Recruited by Wheeler to Princeton in 1954, Val embarked on a pioneering series of experiments in the burgeoning field of high energy physics – in particular the weak interactions and the marvelously rich physics of the K mesons. At that time it was thought that all the laws of physics are the same under three discrete symmetry transformations: reversal of charges (charge conjugation C), reﬂection of spatial coordinates (parity transformation P) and/or time inversion (T). Furthermore, the fundamental symmetry of nature, expressed by the CPT theorem, requires all of the laws of physics to be the same under simultaneous C, P, and T transformations.
Using the new Brookhaven Cosmotron, Val found that two “K-meson-like” charged particles of same mass, but opposite parity (P) as evidenced by their different decays, had lifetimes equal within a few percent. This measurement motivated the historic proposal in 1956 by Lee and Yang of the Institute for Advanced Study that parity (P) was not conserved in weak interactions.
His key innovation, the velocity-selecting Cherenkov counter, cleanly separated Kmesons from protons and pions in the beam. Appropriately named the Fitch counter, it has been a workhorse ever since.
Val next turned to the neutral K mesons, in particular two neutral particle components, K1 and K2, having the same mass but opposite Charge-Parity (CP), as evidenced by their different allowed decay modes and lifetimes. The short-lived component K1 would quickly decay into two pions, leaving a “pure” K2 beam in which 2 pion decays were forbidden if CP is conserved. In 1958, one of us (James Cronin) joined Princeton and was conducting a Cosmotron experiment with a spectrometer based on optical spark chambers, which had order-of-magnitude better mass resolution than previous detectors. I n spring 1963 V al suggested to Cronin that they move his apparatus to the more powerful Alternating Gradie n t Syn c hrotron( A GS) to search for the forbidden decay of K2 into 2 pions. By July the experiment was already running, and by Christmas Fitch, Cronin, postdoc Ren é T url a y and graduate student James Christenson had found 45 10 K2 candidate events decaying into 2 pions . E ffortstofindotherexplanations were unsuccessful, establishing the discovery of CP violation and creating a sensation.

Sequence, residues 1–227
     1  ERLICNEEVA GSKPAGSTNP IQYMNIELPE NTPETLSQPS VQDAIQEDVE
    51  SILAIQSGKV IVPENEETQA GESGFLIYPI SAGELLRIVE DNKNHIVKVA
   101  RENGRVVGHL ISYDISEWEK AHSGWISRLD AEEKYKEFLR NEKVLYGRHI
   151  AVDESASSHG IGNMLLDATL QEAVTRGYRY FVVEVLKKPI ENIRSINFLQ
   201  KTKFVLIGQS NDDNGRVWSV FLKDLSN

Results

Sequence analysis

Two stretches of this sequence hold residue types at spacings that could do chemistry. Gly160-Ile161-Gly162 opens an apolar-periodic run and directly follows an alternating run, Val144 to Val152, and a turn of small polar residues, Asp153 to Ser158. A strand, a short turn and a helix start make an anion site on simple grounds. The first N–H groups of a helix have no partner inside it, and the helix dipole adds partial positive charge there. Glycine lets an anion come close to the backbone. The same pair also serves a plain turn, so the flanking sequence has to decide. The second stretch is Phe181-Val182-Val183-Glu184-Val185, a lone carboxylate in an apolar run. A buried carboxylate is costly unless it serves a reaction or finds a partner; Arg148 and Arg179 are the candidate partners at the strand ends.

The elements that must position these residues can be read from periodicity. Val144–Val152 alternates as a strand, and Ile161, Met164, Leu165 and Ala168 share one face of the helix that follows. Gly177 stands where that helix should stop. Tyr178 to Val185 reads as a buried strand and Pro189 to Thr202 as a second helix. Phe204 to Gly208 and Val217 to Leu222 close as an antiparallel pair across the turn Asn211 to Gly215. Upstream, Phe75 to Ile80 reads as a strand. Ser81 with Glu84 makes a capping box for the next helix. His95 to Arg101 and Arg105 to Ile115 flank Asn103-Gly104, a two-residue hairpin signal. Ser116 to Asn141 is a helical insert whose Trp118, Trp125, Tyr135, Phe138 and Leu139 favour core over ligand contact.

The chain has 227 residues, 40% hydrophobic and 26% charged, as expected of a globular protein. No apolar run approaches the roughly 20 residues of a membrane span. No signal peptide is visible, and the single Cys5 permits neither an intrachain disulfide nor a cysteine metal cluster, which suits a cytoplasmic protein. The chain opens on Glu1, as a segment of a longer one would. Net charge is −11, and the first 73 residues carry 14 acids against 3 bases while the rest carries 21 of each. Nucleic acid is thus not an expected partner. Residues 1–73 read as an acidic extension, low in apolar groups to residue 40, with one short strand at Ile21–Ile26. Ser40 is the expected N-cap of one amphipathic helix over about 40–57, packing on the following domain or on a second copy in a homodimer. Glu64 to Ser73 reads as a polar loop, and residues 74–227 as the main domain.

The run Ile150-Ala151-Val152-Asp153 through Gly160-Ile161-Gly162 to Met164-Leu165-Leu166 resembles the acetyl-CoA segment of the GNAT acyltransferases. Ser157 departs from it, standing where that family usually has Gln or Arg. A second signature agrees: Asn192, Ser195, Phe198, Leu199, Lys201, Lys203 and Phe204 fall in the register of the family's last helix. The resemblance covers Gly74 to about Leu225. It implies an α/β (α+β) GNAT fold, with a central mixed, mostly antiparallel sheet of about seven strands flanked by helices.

The CPT theorem requires that CP violation must be accompanied by a violation under the reversal of time (T). Subsequent experiments have confirmed this. The CP discovery alsohad consequences extending b e y ondparticlep h ysics, leading Andrei Sakharov to pose a scenario in 1967 that could explain the evolution from the Big Bang to a matter-dominated universe, a profound question unanswered to this day. (A much larger CPviolation is required for thise than the phenomenon discovered in1964.) For their work on CP and time reversal V al and Croninrec e i v edthe 1980 No b elPrize in Physics. Cronin reflects: “It was Val who suggested the use of my apparatus which made the discovery. I do not think I would ever have thought of this application. But it was good fortune that a suitable apparatus existed to reduce significantly the limit on K 2 decaying to two pions.”